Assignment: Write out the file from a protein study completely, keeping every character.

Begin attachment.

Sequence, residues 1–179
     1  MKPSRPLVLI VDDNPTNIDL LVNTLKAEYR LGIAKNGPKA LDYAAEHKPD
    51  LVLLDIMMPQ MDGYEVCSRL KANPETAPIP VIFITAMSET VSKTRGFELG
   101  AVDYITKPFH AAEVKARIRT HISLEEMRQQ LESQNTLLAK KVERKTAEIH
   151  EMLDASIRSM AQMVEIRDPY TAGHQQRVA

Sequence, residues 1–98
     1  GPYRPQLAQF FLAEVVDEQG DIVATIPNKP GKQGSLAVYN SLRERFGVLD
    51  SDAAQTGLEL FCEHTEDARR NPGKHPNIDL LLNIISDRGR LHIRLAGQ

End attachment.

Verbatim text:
Sequence, residues 1–179
     1  MKPSRPLVLI VDDNPTNIDL LVNTLKAEYR LGIAKNGPKA LDYAAEHKPD
    51  LVLLDIMMPQ MDGYEVCSRL KANPETAPIP VIFITAMSET VSKTRGFELG
   101  AVDYITKPFH AAEVKARIRT HISLEEMRQQ LESQNTLLAK KVERKTAEIH
   151  EMLDASIRSM AQMVEIRDPY TAGHQQRVA

Sequence, residues 1–98
     1  GPYRPQLAQF FLAEVVDEQG DIVATIPNKP GKQGSLAVYN SLRERFGVLD
    51  SDAAQTGLEL FCEHTEDARR NPGKHPNIDL LLNIISDRGR LHIRLAGQ